> operator. simply put, i will not have these views imposed on me. not in
> the
> form of DoH now, and not in the form of spam back in the 1990's. not ever.
> > Enterprises
> > are currently doing that via managed software and environments, and that
> > approach seems to be well in-line with your practices below.  Using
> > resolution systems for this will not accomplish what you need now, nor
> will
> > it do so going forward; it is time for a different approach, rather than
> > seeking to return to cleartext.
> i am not asking for cleartext per se, though on my own networks, which i
> build
> and fund, i ought to be able to ask for that and get it, and if you insist
> otherwise, it will be as effective as the IETF's one-time insistence that
> the
> end to end principle forbade firewalls, and later, the IETF's insistence
> that
> the end to end principle forbade NAT. the consensus you're seeing appears
> to
> be in a non-representative bubble.
> using resolution systems for surveillance and control of edge networks is
> the
> world the IETF finds itself in. they can decide to provide other
> approaches,
> and they would find me a ready participant. they cannot however simply
> decide
> that my approach is wrong or outdated, and say that those days are over.
> until
> there is another way to achieve what the internet security industry
> achieves
> by watching and controlling DNS operations, those operations will
> continue,
> and they will be non-optional on many edge networks. the IETF consensus is
> not, to borrow a term from christian huitema, "king".
> The past five years have not been the IETF seeking to become a king or
king-maker.  They have been spent responding to an attack while still
building out the facilities of the network.  I am glad to find you a ready
participant now, as there is still work to be done.  But I do not believe
we have said that you may not have these facilities; the new methods simply
mean you must have a relationship with the users and devices on your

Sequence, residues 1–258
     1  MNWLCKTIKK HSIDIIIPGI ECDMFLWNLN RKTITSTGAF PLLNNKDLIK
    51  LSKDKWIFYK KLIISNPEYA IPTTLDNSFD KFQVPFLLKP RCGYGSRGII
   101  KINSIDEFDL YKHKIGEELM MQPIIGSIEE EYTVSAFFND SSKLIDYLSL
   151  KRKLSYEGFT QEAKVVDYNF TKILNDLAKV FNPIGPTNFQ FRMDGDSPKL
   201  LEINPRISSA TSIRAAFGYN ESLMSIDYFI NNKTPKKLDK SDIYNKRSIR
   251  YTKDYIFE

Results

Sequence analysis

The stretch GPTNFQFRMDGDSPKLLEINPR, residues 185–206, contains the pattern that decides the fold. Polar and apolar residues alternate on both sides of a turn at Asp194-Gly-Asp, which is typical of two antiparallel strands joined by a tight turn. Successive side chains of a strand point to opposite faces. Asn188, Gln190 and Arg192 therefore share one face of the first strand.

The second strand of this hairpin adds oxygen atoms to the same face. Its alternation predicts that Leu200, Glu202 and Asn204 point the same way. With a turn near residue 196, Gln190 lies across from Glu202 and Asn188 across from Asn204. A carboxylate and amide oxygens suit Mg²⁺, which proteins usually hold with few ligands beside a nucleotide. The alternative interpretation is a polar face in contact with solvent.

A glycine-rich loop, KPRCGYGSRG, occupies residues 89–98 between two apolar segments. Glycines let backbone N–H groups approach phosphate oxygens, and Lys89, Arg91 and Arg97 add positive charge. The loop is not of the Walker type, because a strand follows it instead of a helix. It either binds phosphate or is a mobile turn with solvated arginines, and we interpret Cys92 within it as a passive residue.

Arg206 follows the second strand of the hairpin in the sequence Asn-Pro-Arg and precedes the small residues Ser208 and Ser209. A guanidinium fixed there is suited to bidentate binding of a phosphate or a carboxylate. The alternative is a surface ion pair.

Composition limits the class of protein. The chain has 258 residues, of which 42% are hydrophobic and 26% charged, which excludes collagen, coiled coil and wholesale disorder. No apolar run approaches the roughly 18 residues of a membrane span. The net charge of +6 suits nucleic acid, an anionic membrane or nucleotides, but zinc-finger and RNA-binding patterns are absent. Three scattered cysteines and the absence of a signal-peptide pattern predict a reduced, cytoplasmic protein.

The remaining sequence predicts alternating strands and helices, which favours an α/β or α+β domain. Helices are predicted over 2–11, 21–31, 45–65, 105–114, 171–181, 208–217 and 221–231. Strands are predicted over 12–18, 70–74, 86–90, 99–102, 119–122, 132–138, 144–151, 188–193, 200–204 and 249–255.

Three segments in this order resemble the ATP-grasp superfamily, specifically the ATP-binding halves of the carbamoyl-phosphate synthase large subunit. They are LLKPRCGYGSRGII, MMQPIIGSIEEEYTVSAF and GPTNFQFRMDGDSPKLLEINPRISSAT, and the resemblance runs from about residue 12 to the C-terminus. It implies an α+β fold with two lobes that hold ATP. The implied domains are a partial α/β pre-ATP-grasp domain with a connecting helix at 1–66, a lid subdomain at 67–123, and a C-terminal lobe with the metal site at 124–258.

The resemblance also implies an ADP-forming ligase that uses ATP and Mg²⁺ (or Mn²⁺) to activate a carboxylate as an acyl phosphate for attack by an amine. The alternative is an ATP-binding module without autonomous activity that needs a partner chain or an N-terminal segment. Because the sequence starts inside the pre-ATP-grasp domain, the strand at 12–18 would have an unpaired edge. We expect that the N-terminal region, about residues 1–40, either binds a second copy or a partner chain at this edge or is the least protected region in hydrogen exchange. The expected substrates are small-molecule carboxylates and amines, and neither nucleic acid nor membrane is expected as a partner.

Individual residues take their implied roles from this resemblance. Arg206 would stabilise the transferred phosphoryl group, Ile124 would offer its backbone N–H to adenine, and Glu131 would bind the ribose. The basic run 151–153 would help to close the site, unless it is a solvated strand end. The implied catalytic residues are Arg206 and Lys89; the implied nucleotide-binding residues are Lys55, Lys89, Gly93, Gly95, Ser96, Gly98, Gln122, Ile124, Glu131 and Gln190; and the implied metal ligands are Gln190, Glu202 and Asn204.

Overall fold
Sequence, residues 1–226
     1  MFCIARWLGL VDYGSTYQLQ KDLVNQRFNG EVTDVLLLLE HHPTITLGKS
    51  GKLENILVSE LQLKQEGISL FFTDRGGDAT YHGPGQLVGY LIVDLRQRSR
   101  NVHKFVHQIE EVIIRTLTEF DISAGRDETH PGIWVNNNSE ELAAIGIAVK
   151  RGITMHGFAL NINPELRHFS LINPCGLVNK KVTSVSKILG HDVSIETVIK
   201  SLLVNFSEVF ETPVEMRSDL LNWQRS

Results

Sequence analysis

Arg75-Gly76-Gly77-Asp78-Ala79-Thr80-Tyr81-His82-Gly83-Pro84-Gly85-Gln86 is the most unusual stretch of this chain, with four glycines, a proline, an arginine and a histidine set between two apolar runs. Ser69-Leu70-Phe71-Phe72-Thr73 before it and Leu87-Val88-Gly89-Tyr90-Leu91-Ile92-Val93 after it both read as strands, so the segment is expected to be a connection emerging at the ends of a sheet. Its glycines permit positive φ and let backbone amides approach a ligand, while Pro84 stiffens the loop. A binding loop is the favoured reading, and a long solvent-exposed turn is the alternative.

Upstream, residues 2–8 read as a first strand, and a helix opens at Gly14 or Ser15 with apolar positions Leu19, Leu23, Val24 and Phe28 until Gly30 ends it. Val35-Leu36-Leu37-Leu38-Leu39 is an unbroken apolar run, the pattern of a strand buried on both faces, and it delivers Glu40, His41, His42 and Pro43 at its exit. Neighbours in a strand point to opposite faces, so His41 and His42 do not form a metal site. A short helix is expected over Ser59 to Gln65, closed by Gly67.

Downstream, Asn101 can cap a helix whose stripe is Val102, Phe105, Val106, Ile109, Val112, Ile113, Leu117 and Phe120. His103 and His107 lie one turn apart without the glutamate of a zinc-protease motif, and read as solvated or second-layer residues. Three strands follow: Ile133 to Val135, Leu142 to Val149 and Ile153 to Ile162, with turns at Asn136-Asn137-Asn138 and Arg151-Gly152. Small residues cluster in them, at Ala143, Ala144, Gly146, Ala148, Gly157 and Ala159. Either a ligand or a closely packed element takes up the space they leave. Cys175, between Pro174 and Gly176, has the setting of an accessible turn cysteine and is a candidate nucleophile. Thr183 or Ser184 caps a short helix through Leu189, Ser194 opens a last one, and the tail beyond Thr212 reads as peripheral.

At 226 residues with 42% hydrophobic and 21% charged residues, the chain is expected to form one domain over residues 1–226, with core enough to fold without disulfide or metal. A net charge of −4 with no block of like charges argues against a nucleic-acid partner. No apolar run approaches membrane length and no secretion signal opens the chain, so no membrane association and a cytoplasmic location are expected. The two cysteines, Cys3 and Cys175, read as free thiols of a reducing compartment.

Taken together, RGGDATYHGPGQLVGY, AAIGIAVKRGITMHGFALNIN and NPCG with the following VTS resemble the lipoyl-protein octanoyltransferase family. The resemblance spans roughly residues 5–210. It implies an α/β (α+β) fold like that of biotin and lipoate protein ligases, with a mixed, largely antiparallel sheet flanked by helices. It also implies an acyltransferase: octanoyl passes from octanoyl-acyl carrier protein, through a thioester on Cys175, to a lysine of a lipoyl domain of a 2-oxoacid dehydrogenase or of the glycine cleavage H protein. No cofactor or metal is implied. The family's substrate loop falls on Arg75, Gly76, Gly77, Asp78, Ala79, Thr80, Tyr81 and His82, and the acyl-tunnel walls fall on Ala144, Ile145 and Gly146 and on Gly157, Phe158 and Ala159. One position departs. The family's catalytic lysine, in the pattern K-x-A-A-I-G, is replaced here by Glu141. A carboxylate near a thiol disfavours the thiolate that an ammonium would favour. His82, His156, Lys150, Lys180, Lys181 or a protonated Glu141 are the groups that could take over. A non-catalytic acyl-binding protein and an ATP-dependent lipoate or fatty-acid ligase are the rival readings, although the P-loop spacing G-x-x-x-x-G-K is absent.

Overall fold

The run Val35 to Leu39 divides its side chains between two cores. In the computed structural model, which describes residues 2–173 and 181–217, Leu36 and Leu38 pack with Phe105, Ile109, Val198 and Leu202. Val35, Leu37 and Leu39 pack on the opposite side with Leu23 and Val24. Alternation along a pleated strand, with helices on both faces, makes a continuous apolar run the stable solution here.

network sufficient to effect configuration to use them.  An on-path
adversary does not, but you do.  Yes, that adds a step and some complexity,
but dealing with a new class of attack was never likely to be free.

> what i'm asking for, though, is not clear text. rather, i'm refusing to
> allow
> outside answers to naming questions, for the same reasons i would refuse
> to
> allow outside answers to ARP questions. the internet only exists by
> cooperation -- of which interoperability is only one example. when the
> wide
> area services, the intermediate networks, the edge networks, the apps, and
> the
> users all agree on what should happen, then it happens. otherwise, not so.
> to
> want any other system is to be willing to forcibly impose communications
> on
> others, which is NOT "the Internet way" and cannot become so, because it
> would
> rely on cooperation which can be withheld. (as in my case, with DoH.)
> > The situation that moved this community to that stance was well-laid out
> in
> > IETF 88.  We must acknowledge that not all devices which are on-path are
> > controlled by entities known to the user or network operator and not all
> of
> > them are acting in the interests of those parties.  Protecting against
> that
> > threat requires us to change our ways.  Please help, rather than working
> > around the effort.
> i don't think you realize what you're asking.

I thought I was asking for your help; if that wasn't clear, sorry.  I would
rather have your help with this than your opposition, and I believe we can
strive for a network that is confidential, measurable, and manageable.  We
aren't there yet, but I hope we share that goal.


Ted Hardie
(wearing no hats).

> the bad guys didn't attend IETF
> 88. we have a world wide digital civilization to run here, and we will
> continue doing that, even if it means "working around" disruptions like
> DoH.
> if someone from the IETF community wants to work on protecting DNS from
> the
> bad guys without also giving the bad guys greater powers that the good
> guys
> are nowhere near ready to cope with, my e-mail address is
> .
> > regards,
> >
> > Ted Hardie
> > (wearing no hats)
> i am paul vixie, "concerned internet citizen." thank you for your
> thoughts. i
> hope that you will also read michael sinatra's response to this same
> message.
> he does not nec'ily speak for me, but he does seem to be making sense here.
> [1]